“This past year, the very old word because exploded with new grammatical possibilities in informal online use,” Zimmer said. “No longer does because have to be followed by of or a full clause. Now one often sees tersely worded rationales like ‘because science’ or ‘because reasons.’ You might not go to a party ‘because tired.’ As one supporter put it, because should be Word of the Year ‘because useful!’”
“Because” was a runaway winner, which I think is wonderful, given that its competition included “twerk” and “selfie”.
The announcement is actually a pretty neat read, with the top five vote-getters in the “Word of the Year” category, but also “Most Useful”, “Most Creative”, “Most Unnecessary”, “Most Outrageous”, “Most Euphemistic”, “Most Likely To Succeed”, “Least Likely To Succeed”, and “Most Productive”. For people who have a fondness for words, it’s great fun.
Besides, I have a fond place in my hearts for “Because”.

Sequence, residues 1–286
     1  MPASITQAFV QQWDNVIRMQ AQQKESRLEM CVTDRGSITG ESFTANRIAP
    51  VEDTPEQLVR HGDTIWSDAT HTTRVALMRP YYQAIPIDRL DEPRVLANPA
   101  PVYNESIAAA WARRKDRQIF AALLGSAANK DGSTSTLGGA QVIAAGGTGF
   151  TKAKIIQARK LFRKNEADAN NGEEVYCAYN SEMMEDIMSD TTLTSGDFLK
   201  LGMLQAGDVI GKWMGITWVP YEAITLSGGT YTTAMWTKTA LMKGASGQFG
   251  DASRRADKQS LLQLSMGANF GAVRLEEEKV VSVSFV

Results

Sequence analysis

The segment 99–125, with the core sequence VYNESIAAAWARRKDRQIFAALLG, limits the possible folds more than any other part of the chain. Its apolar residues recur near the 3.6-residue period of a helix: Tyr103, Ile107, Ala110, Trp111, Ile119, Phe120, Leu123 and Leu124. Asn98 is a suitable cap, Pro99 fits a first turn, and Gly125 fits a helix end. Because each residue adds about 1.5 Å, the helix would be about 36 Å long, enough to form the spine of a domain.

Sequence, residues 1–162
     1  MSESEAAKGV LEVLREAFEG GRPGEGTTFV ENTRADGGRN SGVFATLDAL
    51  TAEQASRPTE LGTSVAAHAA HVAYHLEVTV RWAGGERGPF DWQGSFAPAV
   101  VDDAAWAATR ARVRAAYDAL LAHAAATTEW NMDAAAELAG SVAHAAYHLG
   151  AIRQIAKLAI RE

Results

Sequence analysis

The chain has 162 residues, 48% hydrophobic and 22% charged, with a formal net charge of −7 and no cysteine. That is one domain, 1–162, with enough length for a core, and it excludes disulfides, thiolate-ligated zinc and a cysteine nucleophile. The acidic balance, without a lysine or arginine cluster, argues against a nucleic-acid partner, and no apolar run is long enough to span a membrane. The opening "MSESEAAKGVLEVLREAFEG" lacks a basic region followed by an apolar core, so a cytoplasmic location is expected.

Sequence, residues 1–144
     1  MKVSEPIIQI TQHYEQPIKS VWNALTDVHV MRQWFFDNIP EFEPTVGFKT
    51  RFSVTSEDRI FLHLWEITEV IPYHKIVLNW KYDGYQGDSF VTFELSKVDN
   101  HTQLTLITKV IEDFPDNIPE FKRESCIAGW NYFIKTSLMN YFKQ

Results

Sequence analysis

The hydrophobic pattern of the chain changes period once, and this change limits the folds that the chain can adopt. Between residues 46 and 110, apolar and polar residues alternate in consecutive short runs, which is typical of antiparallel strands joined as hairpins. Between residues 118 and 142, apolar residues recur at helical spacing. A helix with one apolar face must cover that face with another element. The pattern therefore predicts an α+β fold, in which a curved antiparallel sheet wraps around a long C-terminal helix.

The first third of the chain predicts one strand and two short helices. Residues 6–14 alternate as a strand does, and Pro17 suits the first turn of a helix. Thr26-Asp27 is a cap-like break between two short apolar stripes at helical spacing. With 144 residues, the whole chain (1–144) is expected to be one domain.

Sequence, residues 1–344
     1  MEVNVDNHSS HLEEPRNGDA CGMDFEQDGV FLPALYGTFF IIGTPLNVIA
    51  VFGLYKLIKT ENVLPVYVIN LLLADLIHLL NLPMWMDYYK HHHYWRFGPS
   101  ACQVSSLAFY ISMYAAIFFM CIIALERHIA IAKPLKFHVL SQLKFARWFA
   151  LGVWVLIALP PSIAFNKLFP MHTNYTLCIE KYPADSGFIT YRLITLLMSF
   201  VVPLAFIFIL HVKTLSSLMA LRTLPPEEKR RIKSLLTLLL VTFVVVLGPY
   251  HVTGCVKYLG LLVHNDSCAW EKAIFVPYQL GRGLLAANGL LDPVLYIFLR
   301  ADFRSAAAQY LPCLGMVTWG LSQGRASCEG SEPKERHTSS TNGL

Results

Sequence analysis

I’ve examined evolution, and I think I understand
Though the evidence is shaky, still I think the theory’s grand
But it’s only just a theory, so it’s only just a start
And an open-minded person should try picking it apart.
No belief without a reason! Give me proof of what you claim!
And the more I look, the more I see the evidence is lame!
When considering a tangled bank, I choose to see God’s Laws
And the reason I believe it? Just because.
Charles Darwin drew a picture of an ever-branching tree
From the earliest of creatures all the way to you and me
Other limbs produced the fishes, beetles, lizards, monkeys, ants,
Paramecia, bacteria, creationists and plants;
He supported it with evidence of every kind he could
Which I’ve critically examined, as a thinking person should;
Now I know that he’s mistaken in the picture that he draws
And the reason I believe it? Just because.